If you'd like to discuss some of this reasoning in more detail and how it might apply to your build, give us a call on the details below.
Jason Dickey - Cofounder, Dickey Boats
Designing a cockpit for bluewater fishing, inshore fishing and other watersports.
For me, the cockpit is the space that offers the best opportunity to express a quintessentially Kiwi approach to vessel layout. In our view, it’s where many smaller passage-makers fall short, and is consistently the most personalised area of our Dickey Boats builds.
Embarking on a project like the Pacific 62, where the starting point is a blank sheet yet laden with numerous design inputs from day one, can be a complex journey. The design spiral begins with a set of parameters that need to be achieved, and from there, it's a matter of compromise or altering parameters, as achieving all desired outcomes can be a challenging feat.
Designing with vision
To illustrate the design process, consider a small open punt my son and I designed while working on a larger project.
We began with a clear, non-negotiable vision: both of us, at sea, fishing, each comfortably seated with a rod holder and cup holder nearby, enjoying a sunny day and a good catch. This vision, involving two comfortable seats on pedestals, two rod holders, and two cup holders, became the heart of our design, from which everything else evolved. We were prepared to alter other parameters before compromising that vision.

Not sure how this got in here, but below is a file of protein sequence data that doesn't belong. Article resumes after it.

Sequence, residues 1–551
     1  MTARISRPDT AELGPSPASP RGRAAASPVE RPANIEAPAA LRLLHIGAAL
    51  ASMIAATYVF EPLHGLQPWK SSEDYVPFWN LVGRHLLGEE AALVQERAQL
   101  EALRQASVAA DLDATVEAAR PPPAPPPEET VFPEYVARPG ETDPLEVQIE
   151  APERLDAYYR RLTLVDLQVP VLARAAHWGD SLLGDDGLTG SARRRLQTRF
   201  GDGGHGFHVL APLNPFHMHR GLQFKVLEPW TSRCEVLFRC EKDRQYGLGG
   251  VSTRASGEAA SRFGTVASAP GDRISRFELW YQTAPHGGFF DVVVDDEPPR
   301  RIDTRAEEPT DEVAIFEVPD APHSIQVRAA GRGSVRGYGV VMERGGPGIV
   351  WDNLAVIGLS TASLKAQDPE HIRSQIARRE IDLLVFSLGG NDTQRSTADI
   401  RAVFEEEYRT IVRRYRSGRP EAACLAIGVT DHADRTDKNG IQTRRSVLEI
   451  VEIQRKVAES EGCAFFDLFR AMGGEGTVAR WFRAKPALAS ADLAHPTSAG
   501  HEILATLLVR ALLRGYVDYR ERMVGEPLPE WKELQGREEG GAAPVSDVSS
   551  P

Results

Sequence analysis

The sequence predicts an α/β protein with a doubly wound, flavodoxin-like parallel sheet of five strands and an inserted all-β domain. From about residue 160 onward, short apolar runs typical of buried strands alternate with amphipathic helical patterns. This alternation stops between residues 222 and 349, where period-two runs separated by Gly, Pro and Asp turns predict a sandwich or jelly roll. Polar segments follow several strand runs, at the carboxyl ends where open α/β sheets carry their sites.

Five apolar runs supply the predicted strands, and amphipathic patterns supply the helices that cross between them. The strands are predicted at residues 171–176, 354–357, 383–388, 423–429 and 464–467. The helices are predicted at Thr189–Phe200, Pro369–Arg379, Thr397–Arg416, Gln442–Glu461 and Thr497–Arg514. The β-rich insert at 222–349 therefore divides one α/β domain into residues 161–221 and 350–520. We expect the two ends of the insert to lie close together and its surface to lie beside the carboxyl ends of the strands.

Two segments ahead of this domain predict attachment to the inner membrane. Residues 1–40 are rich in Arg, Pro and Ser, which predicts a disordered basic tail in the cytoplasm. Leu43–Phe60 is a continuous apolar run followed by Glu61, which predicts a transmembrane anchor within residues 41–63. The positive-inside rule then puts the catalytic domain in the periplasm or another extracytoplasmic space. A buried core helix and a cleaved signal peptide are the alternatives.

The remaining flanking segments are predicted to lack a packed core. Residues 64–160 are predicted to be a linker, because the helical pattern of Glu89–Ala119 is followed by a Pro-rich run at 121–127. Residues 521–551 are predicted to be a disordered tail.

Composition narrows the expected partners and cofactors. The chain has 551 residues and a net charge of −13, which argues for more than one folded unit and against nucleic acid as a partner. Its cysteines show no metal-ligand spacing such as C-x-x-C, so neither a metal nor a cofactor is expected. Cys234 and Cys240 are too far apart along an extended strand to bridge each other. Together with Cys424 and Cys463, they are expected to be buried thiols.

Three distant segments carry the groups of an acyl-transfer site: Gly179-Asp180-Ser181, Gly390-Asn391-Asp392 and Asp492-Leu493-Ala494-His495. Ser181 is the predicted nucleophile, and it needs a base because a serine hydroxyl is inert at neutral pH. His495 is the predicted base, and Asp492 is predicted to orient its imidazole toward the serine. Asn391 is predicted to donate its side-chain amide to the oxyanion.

The Pacific 62
For the Pacific 62, the cockpit is the core. We began with a volume in mind, not an actual layout. The Semifly 45 we build has a cockpit that allows us to customise and modify it to suit various entertaining, boating, and fishing needs, and it remains generous yet connected to the rest of the vessel, even when only a couple is on board.
Although it seems like an easy starting point, for a vessel that relies so much economy as a key value proposition, the cockpit is beamier than our target beam-to-length ratio.
This conundrum necessitated some out-of-the-box thinking, and we devised a plan to keep the waterline narrow, have a secondary chine up the vessel, pull the topsides wider as we come out of the water in the aft sections only, and then pull it back in as we come up to the coaming. Now, we have a design that provides the space without detracting from other parameters.
Swim Platform: A balancing act between fishing and watersports